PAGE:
Pulling, twisting, turning, ripping. Dust fills the workspace, and the smell of cat urine makes the air unbreathable. Pliers, a hammer, and a flat screwdriver break bones, tear tendons, and remove foam and cotton fill from the chair that I adopted from Wendy at work. I wipe sweat from my forehead and pry up sharp tacks hold the brown fabric flesh tight across the wood frame. The upholstery I pull from the chair is heavy with decades of dirt and oil and skin. It sits in a slump on the floor of my garage, lifeless. “That is disgusting!” My wife has returned home earlier than I expected. “It smells like cats. Did they have cats?” Yes. They definitely had cats. “I got it from a lady at work. It needs a lot of… work.” I have been breathing in the smell for forty-five minutes or an hour, and I don’t really notice it any more. “I will open a window.” She turns to leave, but I stop her, “It’s a Gunlocke.” I flip the chair on its side and lift it to show her the lower-case cursive “g” engraved on a metallic marker underneath the seat. The elegant mark catches her eye just like it caught mine. My wife suddenly seems more interested in this project than others I have found. “JFK sat in a Gunlocke chair in the oval office. These things are like a thousand bucks a piece. They probably got it at a thrift store or something.” She says that she is excited to see how it turns out, and tells me to shower before I come to bed.
I don’t usually sweat this much. I lean over the chair to get the right angle, and a bead of sweat bargains its way between my eyebrows and down to the end of my nose. I imagine myself sitting in the chair that John F. Kennedy sat in fifty years ago as he signed important policies, and made critical decisions. Important decisions… like… I guess I will have to look it up later. Cold War? Cuban Missile Crisis? I think that was JFK. I learned about JFK in school, but the reading assignments are a blur and my notes are no more than a smudge of graphite in my memory. Of course the video of the assassination is clear and present, and popped into my mind the moment I mentioned his name.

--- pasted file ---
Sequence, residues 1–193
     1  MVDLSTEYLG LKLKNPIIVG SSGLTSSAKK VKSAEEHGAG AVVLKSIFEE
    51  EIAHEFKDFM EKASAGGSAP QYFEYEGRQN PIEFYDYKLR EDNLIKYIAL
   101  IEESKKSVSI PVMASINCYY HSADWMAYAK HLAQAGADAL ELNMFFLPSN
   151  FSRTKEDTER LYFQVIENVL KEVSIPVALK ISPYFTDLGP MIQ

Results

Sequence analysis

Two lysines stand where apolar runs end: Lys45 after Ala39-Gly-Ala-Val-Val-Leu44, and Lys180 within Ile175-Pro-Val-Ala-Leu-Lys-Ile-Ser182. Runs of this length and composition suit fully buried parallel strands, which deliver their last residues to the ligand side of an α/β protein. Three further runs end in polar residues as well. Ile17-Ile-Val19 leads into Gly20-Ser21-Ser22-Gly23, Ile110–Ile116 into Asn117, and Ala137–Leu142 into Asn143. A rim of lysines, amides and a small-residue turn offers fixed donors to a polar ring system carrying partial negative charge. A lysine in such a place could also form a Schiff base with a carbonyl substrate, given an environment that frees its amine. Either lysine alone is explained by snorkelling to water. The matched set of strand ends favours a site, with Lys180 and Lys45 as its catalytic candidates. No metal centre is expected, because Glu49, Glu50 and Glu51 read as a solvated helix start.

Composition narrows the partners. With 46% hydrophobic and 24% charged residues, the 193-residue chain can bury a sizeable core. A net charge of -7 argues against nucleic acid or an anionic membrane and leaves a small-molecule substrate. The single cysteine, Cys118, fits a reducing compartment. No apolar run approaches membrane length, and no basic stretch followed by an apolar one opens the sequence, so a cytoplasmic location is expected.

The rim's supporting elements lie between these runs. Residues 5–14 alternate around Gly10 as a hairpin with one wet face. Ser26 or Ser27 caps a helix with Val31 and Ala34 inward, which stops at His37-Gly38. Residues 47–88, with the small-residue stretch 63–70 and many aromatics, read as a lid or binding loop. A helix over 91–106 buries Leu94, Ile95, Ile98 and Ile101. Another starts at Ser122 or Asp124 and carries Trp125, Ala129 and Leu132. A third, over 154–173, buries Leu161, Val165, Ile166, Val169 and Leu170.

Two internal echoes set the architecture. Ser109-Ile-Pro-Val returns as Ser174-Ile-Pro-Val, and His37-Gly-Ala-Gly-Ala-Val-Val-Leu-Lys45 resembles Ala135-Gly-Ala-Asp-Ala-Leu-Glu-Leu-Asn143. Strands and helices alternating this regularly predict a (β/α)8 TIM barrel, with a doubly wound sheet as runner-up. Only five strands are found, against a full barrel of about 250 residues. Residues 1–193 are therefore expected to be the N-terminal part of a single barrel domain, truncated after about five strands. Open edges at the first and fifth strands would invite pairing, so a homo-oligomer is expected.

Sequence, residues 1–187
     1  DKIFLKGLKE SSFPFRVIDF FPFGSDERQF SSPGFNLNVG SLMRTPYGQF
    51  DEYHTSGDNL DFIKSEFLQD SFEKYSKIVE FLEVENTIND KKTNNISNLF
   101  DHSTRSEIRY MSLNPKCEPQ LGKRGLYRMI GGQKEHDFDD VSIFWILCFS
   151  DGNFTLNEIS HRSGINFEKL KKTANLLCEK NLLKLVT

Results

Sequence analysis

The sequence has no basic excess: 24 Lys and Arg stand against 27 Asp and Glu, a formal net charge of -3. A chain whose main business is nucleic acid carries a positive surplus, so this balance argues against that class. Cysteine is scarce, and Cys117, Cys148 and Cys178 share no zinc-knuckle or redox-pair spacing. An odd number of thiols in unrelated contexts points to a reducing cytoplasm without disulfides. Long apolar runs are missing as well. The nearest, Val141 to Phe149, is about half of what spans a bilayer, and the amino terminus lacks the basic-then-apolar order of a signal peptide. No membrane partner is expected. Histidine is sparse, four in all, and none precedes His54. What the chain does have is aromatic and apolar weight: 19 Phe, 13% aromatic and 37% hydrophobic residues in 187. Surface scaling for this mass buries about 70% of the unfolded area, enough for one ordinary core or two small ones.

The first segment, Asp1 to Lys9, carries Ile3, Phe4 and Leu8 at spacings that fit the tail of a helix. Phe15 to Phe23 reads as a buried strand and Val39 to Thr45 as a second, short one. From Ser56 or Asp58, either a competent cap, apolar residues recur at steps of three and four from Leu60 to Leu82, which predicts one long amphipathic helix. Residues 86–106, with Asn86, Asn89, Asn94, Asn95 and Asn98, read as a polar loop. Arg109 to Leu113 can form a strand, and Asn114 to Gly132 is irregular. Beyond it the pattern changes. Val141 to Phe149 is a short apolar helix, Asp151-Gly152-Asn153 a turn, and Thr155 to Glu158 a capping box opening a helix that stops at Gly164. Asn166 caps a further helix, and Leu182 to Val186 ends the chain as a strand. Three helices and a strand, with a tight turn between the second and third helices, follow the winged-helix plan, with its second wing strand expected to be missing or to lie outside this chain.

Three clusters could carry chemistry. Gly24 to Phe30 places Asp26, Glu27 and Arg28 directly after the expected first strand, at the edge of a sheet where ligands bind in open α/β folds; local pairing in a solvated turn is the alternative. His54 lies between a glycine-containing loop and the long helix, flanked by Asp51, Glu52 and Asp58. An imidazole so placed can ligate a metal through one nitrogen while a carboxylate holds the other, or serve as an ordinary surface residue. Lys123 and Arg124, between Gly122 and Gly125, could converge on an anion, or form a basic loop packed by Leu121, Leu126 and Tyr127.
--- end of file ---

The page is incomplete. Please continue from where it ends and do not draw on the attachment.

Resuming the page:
I discard the soiled upholstery and the worn seat cushion in the trash can outside, and the air in the garage begins to clear. I now have a chance to see the frame of the chair, stripped but sturdy. I now face an important decision of my own. I have the honor of cleaning and restoring this historic piece, but how exactly will I bring it back to life? The new upholstery must be clean and courageous to match the chair itself. The frame is solid; crafted of a rich hardwood. I will refinish the wood with a rich stain; anything more or less than that would be disingenuous. I will preserve and restore the pronounced, natural grain. The man or woman who created this chair forty years ago would have rather seen it destroyed than defiled with a cheap, patterned material or coated in latex paint. It will take me several nights of sanding, and probably more sweat. Finding the right stain might be a challenge, and a respectable upholstery material may cost more than I originally planned, but when I am finished it will be an item to be proud of for another forty years or more. This Gunlocke will belong on display in a museum or at the state capitol, but my living room will have to do. I have sold a few of the pieces that I refinish, most are given to friend; a few have even ended up back in the dumpster after I discovered they were damaged beyond repair. I will keep the Gunlocke for myself. This lost and found piece is special, but not just because of the name. My chair is made of strong materials, designed carefully, and crafted by thoughtful hands. It has history and integrity that has allowed it to withstand the years of abuse and neglect. I feel something like contempt as I think about the years of cat urine that were allowed to soak into the cushions. It was nearly destroyed because the owners forgot its value, or maybe it was just passed down to a generation who did not appreciate it. Of course, I realize, there are things that I have forgotten or neglected myself. JFK for example.
I turn out the light in the garage, and I get in the shower. Hot water washes the dirt out of my hair, and rinses the smell from my hands.